Zach is a big believer of conscious capitalism – which is doing business in a way that has a positive effect on your employees, your customers, and the world around you. Zach propels this business philosophy at One3LED by fostering a progressive company culture, strong moral and business ethics, and giving back to those in need. A big part of this focus has been One3LED’s giving program, Change The Bulb. After witnessing the impressive energy savings LED lighting provided their clients, Zach and his team harnessed their passion for helping others to create a giving program that brought these same savings to low-income families and nonprofit organizations. Today, Change The Bulb is partnered with Habitat for Humanity St. Louis and donates low-wattage LED lighting fixtures to provide much needed savings to inner city families. Change The Bulb has also recently completed projects in Haiti and Nicaragua.
More about One3LED and Change The Bulb can be found at www.13led.net
Aside from his work at One3LED, Zach spends his time consulting for local small businesses in the St. Louis area. His services focus on marketing, story branding, company culture, and giving program development.
Zach joined E2 shortly after One3LED was showcased in E2’s 2015 Missouri Clean Jobs Report. He quickly became an active member by participating in several E2 events, including the COP21 Climate Change Summit in Paris as an E2 member delegate. Zach has remained very engaged with E2 and plans to stay steadily involved in the years to come.
“Becoming an E2 member was a true turning point for our business. As a member, you and your business become a voice for environmental advocacy. And E2 ensures your voice is heard. We went from trying to make a difference locally, to being heard nationally and eventually internationally.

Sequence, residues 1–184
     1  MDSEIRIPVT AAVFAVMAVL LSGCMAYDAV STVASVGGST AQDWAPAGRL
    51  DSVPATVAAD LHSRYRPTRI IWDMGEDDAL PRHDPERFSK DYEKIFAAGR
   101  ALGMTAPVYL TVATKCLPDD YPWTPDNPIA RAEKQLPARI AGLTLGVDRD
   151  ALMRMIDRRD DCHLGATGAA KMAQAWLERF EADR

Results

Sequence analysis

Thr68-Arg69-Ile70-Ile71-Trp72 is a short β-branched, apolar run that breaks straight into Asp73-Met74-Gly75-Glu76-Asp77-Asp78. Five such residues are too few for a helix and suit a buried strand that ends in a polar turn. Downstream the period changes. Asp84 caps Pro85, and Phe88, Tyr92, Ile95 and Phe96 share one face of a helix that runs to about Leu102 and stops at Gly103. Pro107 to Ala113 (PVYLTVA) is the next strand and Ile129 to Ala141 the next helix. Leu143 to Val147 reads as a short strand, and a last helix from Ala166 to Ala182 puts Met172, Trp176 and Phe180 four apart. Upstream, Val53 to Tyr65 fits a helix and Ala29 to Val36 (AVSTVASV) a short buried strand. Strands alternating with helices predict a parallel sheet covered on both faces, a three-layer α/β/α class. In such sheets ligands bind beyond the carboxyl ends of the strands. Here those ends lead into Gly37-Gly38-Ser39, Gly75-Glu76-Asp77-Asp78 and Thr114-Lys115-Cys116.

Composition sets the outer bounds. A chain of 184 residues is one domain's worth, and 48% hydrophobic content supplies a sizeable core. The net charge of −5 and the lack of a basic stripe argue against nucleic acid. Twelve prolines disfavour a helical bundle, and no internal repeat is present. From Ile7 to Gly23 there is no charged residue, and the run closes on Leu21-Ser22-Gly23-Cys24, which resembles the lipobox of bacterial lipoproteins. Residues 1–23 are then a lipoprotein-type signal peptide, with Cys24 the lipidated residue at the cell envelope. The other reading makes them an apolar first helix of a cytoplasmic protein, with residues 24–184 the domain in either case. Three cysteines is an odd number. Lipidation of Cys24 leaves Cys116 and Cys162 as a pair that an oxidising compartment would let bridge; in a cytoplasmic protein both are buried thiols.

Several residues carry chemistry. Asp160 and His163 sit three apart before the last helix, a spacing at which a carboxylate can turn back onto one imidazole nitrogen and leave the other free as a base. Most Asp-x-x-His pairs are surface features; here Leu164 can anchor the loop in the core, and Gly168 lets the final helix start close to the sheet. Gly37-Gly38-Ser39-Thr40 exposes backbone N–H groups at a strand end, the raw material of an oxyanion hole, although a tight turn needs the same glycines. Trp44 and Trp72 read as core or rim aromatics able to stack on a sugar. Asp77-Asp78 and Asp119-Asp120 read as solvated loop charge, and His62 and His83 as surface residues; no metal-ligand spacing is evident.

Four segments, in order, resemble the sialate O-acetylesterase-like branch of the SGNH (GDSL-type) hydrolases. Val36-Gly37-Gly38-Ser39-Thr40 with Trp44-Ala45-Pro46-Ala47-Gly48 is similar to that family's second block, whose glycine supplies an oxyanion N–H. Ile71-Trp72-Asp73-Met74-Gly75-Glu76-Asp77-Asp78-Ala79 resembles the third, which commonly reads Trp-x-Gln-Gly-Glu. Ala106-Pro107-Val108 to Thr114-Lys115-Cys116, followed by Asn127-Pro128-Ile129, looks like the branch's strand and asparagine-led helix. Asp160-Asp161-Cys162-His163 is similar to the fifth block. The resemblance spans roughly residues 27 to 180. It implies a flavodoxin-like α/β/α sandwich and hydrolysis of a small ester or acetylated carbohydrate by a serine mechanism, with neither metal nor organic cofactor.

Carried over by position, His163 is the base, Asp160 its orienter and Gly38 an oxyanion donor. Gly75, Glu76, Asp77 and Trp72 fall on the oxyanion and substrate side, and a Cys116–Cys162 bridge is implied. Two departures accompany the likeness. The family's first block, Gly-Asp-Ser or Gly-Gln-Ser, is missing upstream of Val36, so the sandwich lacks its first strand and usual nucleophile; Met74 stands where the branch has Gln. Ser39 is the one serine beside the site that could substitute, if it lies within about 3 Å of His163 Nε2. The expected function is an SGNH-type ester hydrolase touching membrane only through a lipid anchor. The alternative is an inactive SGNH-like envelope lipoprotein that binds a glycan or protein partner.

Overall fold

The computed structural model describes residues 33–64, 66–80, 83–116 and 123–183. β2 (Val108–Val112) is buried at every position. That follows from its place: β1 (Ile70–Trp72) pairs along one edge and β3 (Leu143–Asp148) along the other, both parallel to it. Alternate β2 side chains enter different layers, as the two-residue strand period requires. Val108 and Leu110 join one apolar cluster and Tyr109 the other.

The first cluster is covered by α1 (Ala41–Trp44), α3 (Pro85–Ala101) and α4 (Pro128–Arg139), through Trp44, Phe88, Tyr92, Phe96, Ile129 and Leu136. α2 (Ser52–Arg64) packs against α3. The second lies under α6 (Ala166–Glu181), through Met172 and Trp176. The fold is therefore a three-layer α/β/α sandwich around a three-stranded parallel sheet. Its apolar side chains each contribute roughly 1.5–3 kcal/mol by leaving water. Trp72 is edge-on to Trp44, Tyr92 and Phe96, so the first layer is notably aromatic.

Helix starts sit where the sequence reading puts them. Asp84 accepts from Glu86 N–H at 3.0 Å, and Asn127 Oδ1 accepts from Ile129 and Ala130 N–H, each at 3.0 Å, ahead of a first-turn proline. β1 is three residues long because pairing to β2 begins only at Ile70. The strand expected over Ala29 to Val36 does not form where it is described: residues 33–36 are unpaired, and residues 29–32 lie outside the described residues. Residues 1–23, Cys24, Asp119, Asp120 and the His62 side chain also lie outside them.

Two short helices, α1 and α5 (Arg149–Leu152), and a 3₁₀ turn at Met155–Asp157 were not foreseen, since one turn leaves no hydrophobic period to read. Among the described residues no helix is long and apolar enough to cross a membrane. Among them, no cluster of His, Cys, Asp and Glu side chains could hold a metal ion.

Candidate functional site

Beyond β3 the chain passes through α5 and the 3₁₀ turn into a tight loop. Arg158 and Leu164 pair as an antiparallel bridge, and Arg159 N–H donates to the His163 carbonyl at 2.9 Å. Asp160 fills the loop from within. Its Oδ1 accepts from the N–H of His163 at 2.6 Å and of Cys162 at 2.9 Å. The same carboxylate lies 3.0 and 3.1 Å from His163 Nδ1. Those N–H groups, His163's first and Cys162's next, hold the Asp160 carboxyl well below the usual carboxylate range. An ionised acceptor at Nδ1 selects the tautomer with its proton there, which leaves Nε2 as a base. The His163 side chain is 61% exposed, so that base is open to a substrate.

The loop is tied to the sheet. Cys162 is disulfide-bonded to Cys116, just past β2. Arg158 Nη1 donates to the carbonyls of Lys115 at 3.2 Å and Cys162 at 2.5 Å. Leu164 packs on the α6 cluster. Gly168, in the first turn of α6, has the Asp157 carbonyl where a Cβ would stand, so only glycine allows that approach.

E2 isn’t just another environmental group – it’s a movement. E2 brings together business owners, thought-leaders, and entrepreneurs who all have one thing in common – they care for the environment. We’re each trying to do our part as individuals, but by working together through E2, our efforts are amplified like never before.
At my first E2 event, the first two conversations I had were with E2 members from Facebook and Google. Being a young professional from Missouri, that was a big deal for me. But that’s just what E2 does. They mix people who are passionate about the same issues, yet would otherwise never have the opportunity to collaborate.
With E2 I’ve had the opportunity to travel the country, meet with senators, mingle with celebrities, attend events at The White House, and even bring our business overseas. To top it all off, throughout all of these incredible opportunities I had the chance to spread the good word about One3LED and Change The Bulb. And as an E2 member, that’s the whole point. People engaged with E2 want to hear about who you are, what you’re doing, and what you care about. From these experiences with E2 our business has been featured on The Huffington Post, WhiteHouse.gov, countless online news outlets, and several local TV, Radio, and print publications. I’ve said it before and I’ll say it again – becoming an E2 member was one of the best business decisions I’ve ever made.”
Nicholas Josefowitz, Founder and Executive Director
Nicholas Josefowitz lives in Pacific Heights with his wife, Tali, whom he met in college. Together they are raising their twin boys, Ben & Alec, and spend much of their weekends chasing after them at Alta Plaza Park playground.
Nick has a proven track record of going beyond good intentions and delivering real results. After graduating from Harvard in 2005, he founded and ran a successful solar energy development company.
He was elected to the BART Board in 2014 and brings his entrepreneurial mindset and private sector experience to this oversight role. He’s encouraged a data-driven culture and prioritized the development and implementation of a $3.5 billion fix-it-first infrastructure bond.
In addition to his BART service, Nick also serves on the Board of Directors of Capital Corridor, the Water Emergency Transportation Authority and on the Metropolitan Transportation Commission (MTC) where he is working on reducing highway congestion and eliminating deaths and serious injuries from our roads across the region. Nick is also on the Oversight Committee for the City’s Office of Community Investment and Infrastructure. Previously he served on the San Francisco Environment Commission where he laid the groundwork for San Francisco legislation requiring solar panels on every new building. He also currently serves on the Executive Board of SPUR, and the boards of the Jewish Community Relations Council (JCRC), Generation Citizen Bay Area, and the California League of Conservation Voters. Previously, he served on the Harvard Kennedy School Dean’s Council.